To wrap up the political agenda, the movie ends with Ben Affleck’s Tony Mendez returning home to reunite with his family as a hero, a father, and a husband. If you’re going to make a 2012 election year propaganda film, you’ve got to have your family values! Then finally, we get the reassuring “stamp of authenticity” as the film pairs photos of the real diplomats with the actors who played them while Jimmy Carter assures us that there can be peaceful resolutions to international crisis (even if a few thousand people die along the way, ahem). But the movie never talks about those people – all the ones (Iranian and American) who actually did die just because we felt like we needed to clean-up the world’s dirty laundry (so we could keep our American dirty hands in the oil supply).

Personally, I found the movie hard to stomach, not just because it is boring but because it is so ideologically problematic. Don’t get me wrong. I’m no enthusiast for Obama’s centrist Democratic politics, and never have been. However, I do understand how the politics of this country work, so I will be voting for Obama in November. I understand that as much as my ideals would like to believe otherwise, there are only two choices in this America – More and Less Bad. Voting for the Less Bad Democrats is the only way to beat the More Bad Republicans, and I do not want my daughter living in a world where Mitt Romney is President. She has already inherited the nightmare legacy of two Bush administrations. Despite my antipathy toward Obama and his policies, I sure in the fuck hope he does win the election because the alternative makes me puke. But Democrats are not saints by a long shot, despite what movies like Argo make them out to be. Argo is just another piece of Democratic Party Packaging made to win votes by walking a conservative line that somehow attempts to be liberal while also supporting the problematic politics of the conservative liberal agenda. (e.g. It’s okay for Israel to bomb Gaza on a daily basis.)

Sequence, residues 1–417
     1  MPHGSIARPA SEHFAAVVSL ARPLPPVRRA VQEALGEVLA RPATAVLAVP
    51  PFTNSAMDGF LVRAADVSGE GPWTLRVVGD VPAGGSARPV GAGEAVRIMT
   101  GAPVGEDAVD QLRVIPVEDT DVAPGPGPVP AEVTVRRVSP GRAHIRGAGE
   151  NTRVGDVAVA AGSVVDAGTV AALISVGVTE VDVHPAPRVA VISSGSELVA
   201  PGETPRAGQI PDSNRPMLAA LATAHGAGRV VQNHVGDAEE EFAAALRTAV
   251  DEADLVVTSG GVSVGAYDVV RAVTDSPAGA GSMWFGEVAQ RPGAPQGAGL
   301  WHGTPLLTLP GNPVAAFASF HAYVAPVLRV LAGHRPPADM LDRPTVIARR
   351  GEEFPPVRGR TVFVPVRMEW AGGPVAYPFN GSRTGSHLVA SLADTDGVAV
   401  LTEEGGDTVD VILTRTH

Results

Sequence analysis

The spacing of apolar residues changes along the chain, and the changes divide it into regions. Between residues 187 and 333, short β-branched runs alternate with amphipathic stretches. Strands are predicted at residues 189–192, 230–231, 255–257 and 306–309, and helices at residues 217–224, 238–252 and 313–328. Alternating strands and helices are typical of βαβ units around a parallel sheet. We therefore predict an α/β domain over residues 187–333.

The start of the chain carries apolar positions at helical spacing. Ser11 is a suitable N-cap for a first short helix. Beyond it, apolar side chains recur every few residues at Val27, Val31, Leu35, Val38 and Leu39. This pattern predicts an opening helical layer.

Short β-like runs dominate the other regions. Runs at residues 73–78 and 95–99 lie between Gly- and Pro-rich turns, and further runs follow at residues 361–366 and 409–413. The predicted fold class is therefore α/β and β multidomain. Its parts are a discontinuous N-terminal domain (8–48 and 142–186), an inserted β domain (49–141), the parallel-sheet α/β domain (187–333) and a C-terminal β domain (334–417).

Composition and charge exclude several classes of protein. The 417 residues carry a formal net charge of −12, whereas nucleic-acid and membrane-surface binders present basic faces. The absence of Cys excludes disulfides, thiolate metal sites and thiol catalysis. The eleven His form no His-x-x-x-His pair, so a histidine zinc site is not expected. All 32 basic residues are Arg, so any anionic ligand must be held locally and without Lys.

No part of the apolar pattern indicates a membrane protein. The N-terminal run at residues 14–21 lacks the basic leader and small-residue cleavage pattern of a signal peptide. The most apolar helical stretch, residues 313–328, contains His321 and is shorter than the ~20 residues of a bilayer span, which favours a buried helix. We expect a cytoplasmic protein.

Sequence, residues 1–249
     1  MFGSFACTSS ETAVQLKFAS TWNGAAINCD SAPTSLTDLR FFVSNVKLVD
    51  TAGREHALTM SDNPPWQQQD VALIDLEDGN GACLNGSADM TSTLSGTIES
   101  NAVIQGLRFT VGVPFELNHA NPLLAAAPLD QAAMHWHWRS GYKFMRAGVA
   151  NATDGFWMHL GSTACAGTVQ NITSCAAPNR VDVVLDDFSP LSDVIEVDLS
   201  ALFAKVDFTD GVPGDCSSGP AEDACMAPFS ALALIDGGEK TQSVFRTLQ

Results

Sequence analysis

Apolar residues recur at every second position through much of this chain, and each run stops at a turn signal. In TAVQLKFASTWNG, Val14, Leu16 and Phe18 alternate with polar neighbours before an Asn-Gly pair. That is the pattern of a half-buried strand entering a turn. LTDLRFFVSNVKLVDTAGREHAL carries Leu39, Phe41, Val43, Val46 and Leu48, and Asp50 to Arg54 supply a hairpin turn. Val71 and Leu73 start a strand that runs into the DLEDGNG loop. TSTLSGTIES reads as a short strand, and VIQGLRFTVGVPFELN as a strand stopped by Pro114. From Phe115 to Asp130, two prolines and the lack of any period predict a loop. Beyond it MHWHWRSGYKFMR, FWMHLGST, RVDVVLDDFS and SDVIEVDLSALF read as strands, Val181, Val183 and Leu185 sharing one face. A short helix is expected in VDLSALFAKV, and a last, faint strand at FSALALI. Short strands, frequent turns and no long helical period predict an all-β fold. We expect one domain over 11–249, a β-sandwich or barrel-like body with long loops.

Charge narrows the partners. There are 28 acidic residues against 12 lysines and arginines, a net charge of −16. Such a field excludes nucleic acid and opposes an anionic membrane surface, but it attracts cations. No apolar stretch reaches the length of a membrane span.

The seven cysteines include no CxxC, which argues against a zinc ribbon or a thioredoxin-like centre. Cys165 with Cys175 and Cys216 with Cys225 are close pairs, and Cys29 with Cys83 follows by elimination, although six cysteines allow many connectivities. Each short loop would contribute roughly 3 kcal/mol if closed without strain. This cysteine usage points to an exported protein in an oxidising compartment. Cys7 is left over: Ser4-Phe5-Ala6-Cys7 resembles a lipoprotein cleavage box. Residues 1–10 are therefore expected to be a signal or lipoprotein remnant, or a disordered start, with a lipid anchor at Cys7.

Am I sorry that I wasted my time and money watching Argo? No, I’m not. Watching a movie like this and thinking about why people like it so much when it’s so wrong is worthwhile. I put my money on this film to win the Best Picture Oscar (even though there is nothing remotely “best” about it) especially if Obama can pull off winning the Presidential election. Since Ben Affleck has made Argo, if Obama does win, Hollywood will be so happy with itself. It can give itself a big pat on the back for helping save the American diplomats back in 1979, for supporting the conservative Democratic agenda, and for helping the Democrats win the 2012 election. Argo may be the most self-congratulatory film Hollywood has ever made, but that does not make it a good film, not by a long shot.

by Anonymousreply 6410/26/2012

"Manipulating History to Suit an Insidious Anti-Iran Agenda"

I stopped reading right there. Why bother spamming us with such bullshit? It only wastes your time.

by Anonymousreply 6510/26/2012

Badly written "review," repetitive and short on specifics. And she fell asleep TWICE during the movie, undermining her shaky credibility even more.

by Anonymousreply 6610/27/2012

I don't believe she even saw the movie at all.

by Anonymousreply 6710/27/2012

He's channeling Dave Grohl there and the media are going gaga because he's a media favorite.

by Anonymousreply 6810/27/2012

Fuck [italic]Counterpunch[/italic]. It continues to publish Israel Shamir. It wasn't enough for Shamir to support Lukashenko's dictatorial regime in Belarus. Shamir is now playing with revisionism of the Khmer Rouge genocide in Cambodia. And fucking [italic]Counterpunch[/italic] published it.

Quit linking to that filthy site.

by Anonymousreply 6910/27/2012

Oh stop everyone! R69 has decided to tell us how to think and what we can post!

by Anonymousreply 7010/27/2012

Loved the movie but one thing I didn't understand:

Why was there no attempt made to alter the appearances of the 6 hostages when they were pretending to be movie makers, even slightly? The men even kept their mustaches and eyeglasses. Only the one girl changed her hairdo.

We also applauded with the crowds after yesterday's matinee.

by Anonymousreply 7111/05/2012

And Ben's 6 second shirtless scene was SPECTACULAR!

by Anonymousreply 7211/05/2012